Putting general issues aside and getting back to this excellent book, it is hard not to see it as a kind of compendium of conceptions. “A Short History of Aluminium Cans”, like “The Violent Trees” is a monologue and the interest lies in the fact that the speaker is a can himself (itself?) meditating, as humans need to do, on the environmental damage caused by his own existence as well on his bleak future prospects. Again, conception is bolstered by textural densities. He says “For my part in that, I’m sorry”, echoing Kevin Rudd’s parliamentary apology to the stolen generation, and, interestingly, “What’s left is aftermath, / demise of brand auras, refund / potential . . .” Here the joke is that the can sees only the horror of the demise of the can, rather as humans think of the catastrophes ahead in terms of the havoc wreaked on their own species. But the word, “aftermath”, suggests an allusion to Randolph Stow’s great poem, “The Singing Bones” and it’s tempting to think that part of the conception of the book as a whole might be an intertextual response to that poem’s concern with how the present is built on the bones of a past with very different values and how those bones continue to sing for those who can hear them. “My country’s heart is ash in the market-place, / is aftermath of martyrdom” is a reference which chimes very well with Johnson’s concerns and the word “ash” has already appeared in the poem “Save As” which speaks of poetry’s “ash-in-glove”.

“Ring-in” is another example of a poem approaching a very conventional theme – having a dead parent’s personal property returned. It’s one of the personal/familial poems from the first part of the book and is conceived as a description of a trip, with a friend, to a mortuary block “in a rainy satellite town of failing industry” to retrieve, especially, her mother’s rings. The approach to the place has a memorable and metaphorically dense description”:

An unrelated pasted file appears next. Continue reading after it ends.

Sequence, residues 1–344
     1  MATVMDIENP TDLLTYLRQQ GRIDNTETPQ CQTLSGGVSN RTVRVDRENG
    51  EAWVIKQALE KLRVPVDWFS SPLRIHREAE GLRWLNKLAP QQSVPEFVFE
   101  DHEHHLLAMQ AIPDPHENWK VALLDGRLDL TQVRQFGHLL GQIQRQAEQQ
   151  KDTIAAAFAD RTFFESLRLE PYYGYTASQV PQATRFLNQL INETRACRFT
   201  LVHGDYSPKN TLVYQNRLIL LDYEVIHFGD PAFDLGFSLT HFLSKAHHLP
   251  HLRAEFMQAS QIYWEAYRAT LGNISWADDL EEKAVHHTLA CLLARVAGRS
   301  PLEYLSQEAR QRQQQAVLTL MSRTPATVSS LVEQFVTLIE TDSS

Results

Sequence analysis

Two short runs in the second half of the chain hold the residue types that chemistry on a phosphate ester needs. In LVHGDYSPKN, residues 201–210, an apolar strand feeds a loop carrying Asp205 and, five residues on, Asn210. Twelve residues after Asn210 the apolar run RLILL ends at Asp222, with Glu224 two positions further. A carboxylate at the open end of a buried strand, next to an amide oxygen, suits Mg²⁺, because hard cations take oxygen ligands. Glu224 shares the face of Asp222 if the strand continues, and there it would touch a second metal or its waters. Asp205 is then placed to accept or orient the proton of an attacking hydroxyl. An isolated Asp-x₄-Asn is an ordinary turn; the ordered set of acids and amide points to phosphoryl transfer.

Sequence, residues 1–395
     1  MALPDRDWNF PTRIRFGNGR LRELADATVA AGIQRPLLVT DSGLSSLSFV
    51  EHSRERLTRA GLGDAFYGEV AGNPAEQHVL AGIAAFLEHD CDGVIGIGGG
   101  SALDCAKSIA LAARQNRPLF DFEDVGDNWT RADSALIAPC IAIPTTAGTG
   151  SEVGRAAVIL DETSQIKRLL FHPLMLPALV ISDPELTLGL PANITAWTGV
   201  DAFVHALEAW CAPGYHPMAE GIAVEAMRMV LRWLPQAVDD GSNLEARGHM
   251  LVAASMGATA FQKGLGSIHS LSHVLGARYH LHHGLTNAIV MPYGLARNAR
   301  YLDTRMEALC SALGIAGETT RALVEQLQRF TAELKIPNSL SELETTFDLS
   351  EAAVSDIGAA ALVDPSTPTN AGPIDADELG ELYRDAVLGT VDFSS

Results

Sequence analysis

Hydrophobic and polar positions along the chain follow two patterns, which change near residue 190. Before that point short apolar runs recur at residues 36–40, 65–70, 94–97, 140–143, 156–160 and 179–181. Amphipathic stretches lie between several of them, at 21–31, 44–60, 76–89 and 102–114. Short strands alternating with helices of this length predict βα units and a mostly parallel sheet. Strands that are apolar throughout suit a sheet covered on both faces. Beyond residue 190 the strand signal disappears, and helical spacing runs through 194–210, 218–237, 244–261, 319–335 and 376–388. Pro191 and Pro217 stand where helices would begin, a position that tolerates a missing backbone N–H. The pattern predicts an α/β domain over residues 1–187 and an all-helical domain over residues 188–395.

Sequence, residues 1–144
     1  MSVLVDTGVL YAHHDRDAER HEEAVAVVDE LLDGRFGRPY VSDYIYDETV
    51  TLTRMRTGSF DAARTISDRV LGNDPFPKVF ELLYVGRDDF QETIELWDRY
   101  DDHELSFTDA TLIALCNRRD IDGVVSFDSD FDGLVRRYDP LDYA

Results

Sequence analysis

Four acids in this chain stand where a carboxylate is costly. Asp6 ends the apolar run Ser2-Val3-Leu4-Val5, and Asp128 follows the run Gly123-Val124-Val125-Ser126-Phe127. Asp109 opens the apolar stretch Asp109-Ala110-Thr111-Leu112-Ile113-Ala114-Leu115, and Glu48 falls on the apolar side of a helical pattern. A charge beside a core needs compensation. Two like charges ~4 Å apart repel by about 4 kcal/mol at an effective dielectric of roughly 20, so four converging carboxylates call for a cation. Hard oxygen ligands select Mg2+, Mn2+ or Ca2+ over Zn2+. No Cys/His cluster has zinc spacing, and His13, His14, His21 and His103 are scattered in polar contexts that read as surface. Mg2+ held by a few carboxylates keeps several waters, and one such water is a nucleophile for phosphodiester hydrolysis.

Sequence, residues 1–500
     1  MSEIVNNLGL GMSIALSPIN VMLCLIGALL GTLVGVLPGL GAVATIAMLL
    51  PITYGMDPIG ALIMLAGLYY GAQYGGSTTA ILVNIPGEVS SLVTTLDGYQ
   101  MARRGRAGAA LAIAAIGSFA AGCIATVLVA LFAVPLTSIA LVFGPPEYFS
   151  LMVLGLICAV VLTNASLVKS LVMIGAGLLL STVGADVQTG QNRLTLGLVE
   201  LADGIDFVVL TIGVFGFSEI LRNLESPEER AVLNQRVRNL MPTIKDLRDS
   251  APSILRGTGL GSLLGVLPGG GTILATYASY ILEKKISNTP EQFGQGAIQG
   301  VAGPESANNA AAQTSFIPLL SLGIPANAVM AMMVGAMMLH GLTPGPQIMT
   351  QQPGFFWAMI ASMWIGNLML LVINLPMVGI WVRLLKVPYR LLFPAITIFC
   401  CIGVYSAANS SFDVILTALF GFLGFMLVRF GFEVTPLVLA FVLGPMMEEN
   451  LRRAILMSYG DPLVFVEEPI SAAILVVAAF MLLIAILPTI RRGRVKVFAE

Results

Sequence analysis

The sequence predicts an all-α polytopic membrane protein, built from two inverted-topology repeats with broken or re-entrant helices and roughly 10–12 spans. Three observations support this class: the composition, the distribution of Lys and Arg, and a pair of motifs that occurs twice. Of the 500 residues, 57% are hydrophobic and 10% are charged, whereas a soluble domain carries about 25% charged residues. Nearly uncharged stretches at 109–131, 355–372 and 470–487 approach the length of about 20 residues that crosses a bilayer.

. . . . .
                       We find the place, a plain Besser-brick parlour
framed in doric grief, the short drive massed with orphaned
icebergs that can never know life as a true rose . . .

The “orphaned icebergs” are those medium-sized pyramid-shaped rocks that people used to paint white and use along drives. They are orphaned because the word used to describe the way icebergs break off glacial ice-sheets is “calving” and these rocks are taken out of any parental context – like the poet herself, here. Again, the theme of poetry appears in the metaphor used for the noise of the friend’s tapping on the car window – “I can’t hear against the rain’s dolorous half-rhyme, and you, you are typing / on the roof, on your old Scalextric” – and the poem finishes, as its title suggests it might, with a series of puns on the word, “ring”:

We drive off together, all three, your sun-spotted ghost-hand in mine,
rings tight, but not tight enough; this unbearable ring, a ringing-in,
I peer through the wet windscreen, wiper blades noisy, ragged gulls arguing
for chips and a decent bird book entry. I see my friend is crying.
But me, I am desperate to spot a true rose.

The title poem, “Save As”, has set me thinking in terms of Metaphysical poetry and the tensions between the tone expected of the subject matter and the delight in the yoking by violence together. I’m momentarily inclined to see John Donne as Amanda Frances Johnson’s totemic poet and in this connection it is good to look at the one poem in the book where the conception is so complex that it is very difficult for a reader to twig to what is going on. “Death in Venice” appears in the second part of the book just before “A Short History of Aluminium Cans” and after another Italy-based poem, “Drought Faith”, which describes the moment when the Vatican, in 2017, turned off its fountains as a response to severe drought conditions: there are a lot of metaphors about sources, the flow of faith, “myths of perpetuity” and so on, here. “Death in Venice”, however, is a puzzle from beginning to end and this is because it’s difficult to understand the conception. It’s ostensibly about the dead:

We knew better than to come back,
marry ourselves underwater - 
no better church, our dull bones said,
than history’s murk lagoon.

In sleep, marble lions roam